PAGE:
Including writers from Oxford and as far away as California, the annual Oxford Conference for the Book will convene from today until Friday at several Oxford and Ole Miss locations. The conference will feature talks and readings about topics, in the words of its director, Jimmy Thomas, “from cognitive psychology to a history of the first 300 years of New Orleans.”
Some of today’s events include Travis McDade talking about “Art, Science, and the Pillaging of American University Libraries” at 11:30 a.m. in the library as well as talks with Edmund White, Michael Carroll and David Zurick at the Overby Center.
Thursday’s schedule focuses on Southern studies and includes panels on “The Spiritual South” and “The Appalachian South.” Friday is focused more on the literary side, with panels on editing, poetry and noir literature.
Thomas also serves as associate director for publications for the Center for the Study of Southern Culture. He said that this year’s conference will have events that appeal to a wide range of people, including students.
“Admittedly, and for good reason, many of the authors speak to topics that we study here in Southern studies, but I believe that many of those topics are of interest to UM students, whether they be business majors or English majors or engineering majors,” Thomas said.
One of those students is Luke Lee, a senior English education major, who is interested in sessions about New Orleans history, making smart decisions and Kiese Laymon’s memoir “Heavy.” He plans to attend the conference for the first time this year.
Since he is currently a student teacher and will be a full-time teacher next year, Lee said he hopes to learn more about books and authors that he can introduce to his students, especially Laymon’s book.
“‘Heavy’ was easily the most raw and enlightening Southern memoir I have ever read. I’m specifically interested in how ‘Heavy’ can help me in the classroom next year,” Lee said. “I’m an English education student committed to working in Mississippi, and his insight will be invaluable when I start.”
Thomas, who teaches Liba 102 classes in addition to serving as conference director, also said that the conference sessions are a great opportunity for students to learn about topics related to their classes without the pressure of completing homework or getting a grade.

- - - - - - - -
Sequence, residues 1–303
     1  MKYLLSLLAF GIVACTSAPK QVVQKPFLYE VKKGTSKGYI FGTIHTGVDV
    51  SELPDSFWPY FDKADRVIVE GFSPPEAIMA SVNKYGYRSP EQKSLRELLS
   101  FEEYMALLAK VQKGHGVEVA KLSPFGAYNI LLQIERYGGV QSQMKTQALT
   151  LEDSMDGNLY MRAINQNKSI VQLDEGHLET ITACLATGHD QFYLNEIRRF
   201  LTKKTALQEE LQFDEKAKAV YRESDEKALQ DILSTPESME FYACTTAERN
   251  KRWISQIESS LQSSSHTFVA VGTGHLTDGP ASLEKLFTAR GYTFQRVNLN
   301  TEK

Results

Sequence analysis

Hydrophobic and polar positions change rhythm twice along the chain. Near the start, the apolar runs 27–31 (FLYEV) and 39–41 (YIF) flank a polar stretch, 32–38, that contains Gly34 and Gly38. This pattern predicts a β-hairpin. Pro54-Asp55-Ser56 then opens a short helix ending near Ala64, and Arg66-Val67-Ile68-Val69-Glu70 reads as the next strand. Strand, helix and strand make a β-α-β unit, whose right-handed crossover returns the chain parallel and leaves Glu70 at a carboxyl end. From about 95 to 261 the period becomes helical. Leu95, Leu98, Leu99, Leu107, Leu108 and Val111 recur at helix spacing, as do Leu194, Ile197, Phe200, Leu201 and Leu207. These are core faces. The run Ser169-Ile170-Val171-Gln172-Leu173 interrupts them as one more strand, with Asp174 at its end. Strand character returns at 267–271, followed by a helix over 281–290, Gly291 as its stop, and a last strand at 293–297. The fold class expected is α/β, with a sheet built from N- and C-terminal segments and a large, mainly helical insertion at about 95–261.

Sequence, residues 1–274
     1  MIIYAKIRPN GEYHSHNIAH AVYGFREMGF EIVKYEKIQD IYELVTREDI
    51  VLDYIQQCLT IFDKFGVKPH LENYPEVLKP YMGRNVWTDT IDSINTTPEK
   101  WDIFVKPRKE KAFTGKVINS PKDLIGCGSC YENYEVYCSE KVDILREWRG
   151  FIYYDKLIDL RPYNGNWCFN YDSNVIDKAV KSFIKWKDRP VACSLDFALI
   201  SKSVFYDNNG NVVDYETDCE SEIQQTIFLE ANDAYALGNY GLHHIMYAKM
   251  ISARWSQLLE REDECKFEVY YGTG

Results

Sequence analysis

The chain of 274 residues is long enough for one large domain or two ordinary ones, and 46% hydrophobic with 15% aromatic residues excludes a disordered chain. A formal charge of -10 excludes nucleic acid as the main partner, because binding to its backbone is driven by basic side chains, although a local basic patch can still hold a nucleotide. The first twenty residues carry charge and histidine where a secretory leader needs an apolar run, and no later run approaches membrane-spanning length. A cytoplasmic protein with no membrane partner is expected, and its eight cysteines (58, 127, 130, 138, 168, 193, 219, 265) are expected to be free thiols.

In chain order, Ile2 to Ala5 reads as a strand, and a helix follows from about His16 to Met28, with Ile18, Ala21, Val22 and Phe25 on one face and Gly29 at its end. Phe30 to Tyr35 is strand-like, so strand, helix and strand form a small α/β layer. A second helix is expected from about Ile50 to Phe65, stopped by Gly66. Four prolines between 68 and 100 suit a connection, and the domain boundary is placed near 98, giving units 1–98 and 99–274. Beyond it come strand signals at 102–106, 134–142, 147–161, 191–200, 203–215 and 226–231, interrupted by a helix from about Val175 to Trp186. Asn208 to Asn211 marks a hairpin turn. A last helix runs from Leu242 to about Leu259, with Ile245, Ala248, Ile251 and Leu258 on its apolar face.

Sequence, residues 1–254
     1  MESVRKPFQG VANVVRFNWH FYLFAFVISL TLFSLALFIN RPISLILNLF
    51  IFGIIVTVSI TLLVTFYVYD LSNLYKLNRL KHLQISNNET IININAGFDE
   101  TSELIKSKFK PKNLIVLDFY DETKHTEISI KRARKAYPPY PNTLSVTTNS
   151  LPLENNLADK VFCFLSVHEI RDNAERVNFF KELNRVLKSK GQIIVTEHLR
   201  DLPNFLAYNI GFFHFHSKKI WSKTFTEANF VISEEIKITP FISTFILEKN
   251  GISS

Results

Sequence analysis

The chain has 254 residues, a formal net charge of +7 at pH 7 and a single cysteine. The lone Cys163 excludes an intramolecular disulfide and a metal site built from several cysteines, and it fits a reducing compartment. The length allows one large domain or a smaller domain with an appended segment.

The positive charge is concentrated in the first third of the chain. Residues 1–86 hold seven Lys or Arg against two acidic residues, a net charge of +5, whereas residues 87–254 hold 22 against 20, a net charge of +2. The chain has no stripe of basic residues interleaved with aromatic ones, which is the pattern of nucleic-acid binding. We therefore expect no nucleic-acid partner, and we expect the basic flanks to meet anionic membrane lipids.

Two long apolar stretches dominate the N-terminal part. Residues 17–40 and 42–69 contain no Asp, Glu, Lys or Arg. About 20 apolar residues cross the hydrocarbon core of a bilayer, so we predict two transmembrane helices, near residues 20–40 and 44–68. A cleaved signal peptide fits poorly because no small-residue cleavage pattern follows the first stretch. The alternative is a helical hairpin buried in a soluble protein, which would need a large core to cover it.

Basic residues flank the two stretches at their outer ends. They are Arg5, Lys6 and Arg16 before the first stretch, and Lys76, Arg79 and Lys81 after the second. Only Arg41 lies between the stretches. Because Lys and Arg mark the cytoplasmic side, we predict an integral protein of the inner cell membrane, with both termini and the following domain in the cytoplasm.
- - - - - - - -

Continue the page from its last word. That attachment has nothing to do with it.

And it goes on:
“It’s a great way to introduce students to the people who have written works that they are reading in classes as well as introduce them to some new ideas that we haven’t discussed,” Thomas said.
Several faculty members plan to bring their students to panels relevant to their classes.
Katie McKee, an Ole Miss professor of English and Southern studies, plans to take her SST 102 class to the panel about “The Appalachian South.” In class, they read Karida Brown’s book “Gone Home: Race and Roots through Appalachia.”
“The Appalachian South” panel features scholars Brown, Jessie Wilkerson, Elizabeth Catte and Meredith McCarroll. Wilkerson, an Ole Miss professor of history and Southern studies, said that one of the session’s main goals is to challenge faulty generalizations and simplistic images of the region.
“All of the panelists in some way introduce their readers to new ways of thinking critically about Appalachia and what it means in American culture,” Wilkerson said. “They also educate readers on lesser known people and places in Appalachia.”
During the session, Wilkerson will discuss her book “To Live Here, You Have to Fight.”
“(The book) places women at the center of 20th century Appalachian history and seeks to correct simplistic narratives about the War on Poverty and local people’s, especially women’s, relationship to it, and Appalachian involvement in twentieth-century social movements,” Wilkerson said.
Wilkerson said some of her advanced Southern studies students plan to attend the conference.
“(My students) are very excited to meet the authors, whose work they’ve read and admired,” Wilkerson said. “I think what makes the conference so special is that students can meet the authors whose works they’ve enjoyed–it’s rare to have that opportunity.”
Thomas said that selecting panels is a collaborative effort involving campus committees and Square Books.
“The conference participants are generally selected by various committees from across Southern studies and campus,” Thomas said. “Square Books plays a big part in author selection since they often know what new books will be published far in advance of publication.”